“It was our legal action against Chicago’s handgun ban that incorporated the Second Amendment to the states via the Fourteenth Amendment,” Gottlieb noted. “It was another of our lawsuits that forced the state legislature to adopt a concealed carry statute in Illinois. Now we’re in court to make sure that the state cannot discriminate against foster parents who merely wish to exercise the rights we’ve restored in Illinois.”
WND reported on SAF’s suit on behalf of Stephen and Krista Pursley of Moore, Oklahoma, against the Oklahoma Department of Human Services.
The state agency’s rules prevent citizens from serving as foster parents while “legally possessing functional firearms for personal protection.”
“This mandate for foster parents is not just restrictive, it’s ridiculous,” Gottlieb said when the conflict arose. “Why should a foster parent be stripped of his or her right to self-defense, or their ability to defend their foster child, simply to appease some bureaucrat’s anti-gun philosophy?”
The Pursleys have served as foster parents to nearly three dozen children.
The move against foster parents is just the most recent among numerous actions brought against Second Amendment supporters in recent years. The Los Angeles Times reported the Obama administration was pushing to ban Social Security beneficiaries from owning guns if they “lack the mental capacity to manage their own affairs.”
It’s a virtual copy of a Veterans Administration plan, as WND has reported, being used against military veterans by the Obama administration.
Michael Connelly of the United States Justice Foundation has been working on the VA case since several veterans informed him they had been determined incompetent without a hearing and wanted to fight back.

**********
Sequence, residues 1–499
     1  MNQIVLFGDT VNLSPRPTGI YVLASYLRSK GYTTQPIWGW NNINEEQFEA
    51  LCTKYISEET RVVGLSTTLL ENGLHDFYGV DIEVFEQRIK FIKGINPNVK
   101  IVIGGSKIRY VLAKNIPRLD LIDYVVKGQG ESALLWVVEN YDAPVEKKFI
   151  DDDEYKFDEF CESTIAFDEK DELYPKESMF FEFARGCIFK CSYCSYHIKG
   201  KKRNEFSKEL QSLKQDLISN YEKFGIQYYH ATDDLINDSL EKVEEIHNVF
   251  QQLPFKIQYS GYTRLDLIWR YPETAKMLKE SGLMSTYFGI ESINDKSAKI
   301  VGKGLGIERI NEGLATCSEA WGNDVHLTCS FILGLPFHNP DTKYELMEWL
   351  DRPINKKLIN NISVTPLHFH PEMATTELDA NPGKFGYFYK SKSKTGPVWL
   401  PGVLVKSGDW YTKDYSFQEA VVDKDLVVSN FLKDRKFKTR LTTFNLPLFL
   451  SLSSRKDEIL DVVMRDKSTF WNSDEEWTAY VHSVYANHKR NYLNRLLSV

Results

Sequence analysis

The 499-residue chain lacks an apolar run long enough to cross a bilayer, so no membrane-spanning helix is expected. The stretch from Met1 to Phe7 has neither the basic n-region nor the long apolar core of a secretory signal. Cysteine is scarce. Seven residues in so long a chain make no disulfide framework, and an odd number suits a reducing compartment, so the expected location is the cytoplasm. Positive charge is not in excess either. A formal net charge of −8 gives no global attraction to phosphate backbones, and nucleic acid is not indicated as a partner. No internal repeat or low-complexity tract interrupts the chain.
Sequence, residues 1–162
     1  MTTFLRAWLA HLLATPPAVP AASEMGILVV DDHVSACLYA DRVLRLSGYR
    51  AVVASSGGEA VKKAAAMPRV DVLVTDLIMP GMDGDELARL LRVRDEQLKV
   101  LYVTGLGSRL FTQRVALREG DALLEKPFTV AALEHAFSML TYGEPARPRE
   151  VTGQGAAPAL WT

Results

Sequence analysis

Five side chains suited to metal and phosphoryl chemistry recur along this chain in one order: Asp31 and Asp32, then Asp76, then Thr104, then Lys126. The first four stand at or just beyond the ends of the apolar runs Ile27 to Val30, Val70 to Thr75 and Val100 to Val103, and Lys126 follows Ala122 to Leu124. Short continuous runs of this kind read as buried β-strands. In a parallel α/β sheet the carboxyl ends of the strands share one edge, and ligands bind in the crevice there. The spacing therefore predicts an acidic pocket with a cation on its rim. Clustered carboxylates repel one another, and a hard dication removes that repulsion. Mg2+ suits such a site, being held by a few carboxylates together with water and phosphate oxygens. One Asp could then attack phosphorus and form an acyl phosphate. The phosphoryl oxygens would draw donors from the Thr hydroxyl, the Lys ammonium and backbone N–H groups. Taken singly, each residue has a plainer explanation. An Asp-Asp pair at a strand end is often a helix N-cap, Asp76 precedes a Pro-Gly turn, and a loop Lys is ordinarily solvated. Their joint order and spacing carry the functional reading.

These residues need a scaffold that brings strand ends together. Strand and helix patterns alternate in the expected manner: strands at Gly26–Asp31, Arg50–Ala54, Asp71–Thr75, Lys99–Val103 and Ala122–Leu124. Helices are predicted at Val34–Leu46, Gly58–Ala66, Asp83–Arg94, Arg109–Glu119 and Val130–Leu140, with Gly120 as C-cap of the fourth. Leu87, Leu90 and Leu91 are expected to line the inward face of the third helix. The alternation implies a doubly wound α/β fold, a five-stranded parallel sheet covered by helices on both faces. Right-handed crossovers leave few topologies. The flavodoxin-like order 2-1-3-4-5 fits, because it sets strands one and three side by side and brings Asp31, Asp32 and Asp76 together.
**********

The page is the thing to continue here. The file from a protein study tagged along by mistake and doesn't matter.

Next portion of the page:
According to the Social Security plan, the federal benefit recipients would be told they are incompetent and can no longer have weapons. Their names would be added to the National Instant Criminal Background Check system, which is used by governments to keep weapons out of the hands of felons, drug addicts, illegal aliens and others.
An estimated 4.2 million adults receive Social Security payments that are managed by “representative payees.”
The Times said the move is part of an effort by the Obama administration after the 2012 Sandy Hook Elementary School shooting in Newtown, Connecticut, to strengthen gun control.
After Congress shot down virtually every legislative change Obama wanted, the president began to makes changes through rewriting rules and definitions, prompting criticism from the National Rifle Association.
“If the Obama administration attempts to deny millions of law-abiding citizens their constitutional rights by executive fiat, the NRA stands ready to pursue all available avenues to stop them in their tracks,” the organization said at the time.
Connelly had told WND that if the government is successful in its restrictions on Social Security recipients, there will be other targets soon.
“They could go after student loan recipients. What about people getting food stamps? Medicaid? Potentially anybody working for any government contractor,” he warned.
He said he’s been warning on on his blog that the Social Security move was coming.
He said the government was using veterans “as guinea pigs to develop methods that can be used to steal their constitutional rights.”
“Veterans get the letter from the VA telling them that because of physical or mental disabilities they are going to be declared incompetent to handle their own financial affairs, and the VA will appoint a fiduciary for them. The veterans are given 60 days to prove they are competent, which is a direct violation of the due process clause of the Constitution that requires the burden of proof be on the government,” he wrote.
“In none of the cases that we know of has there been an adjudication process with a hearing before a judge or an administrative judge. Nor have the veterans in most cases been examined by a psychiatrist, psychologist or even an MD,” he continued. “[Then Attorney General]-Eric Holder decided that anyone who works for the VA can declare veterans incompetent for any reason including having their bills paid automatically out of their bank accounts.”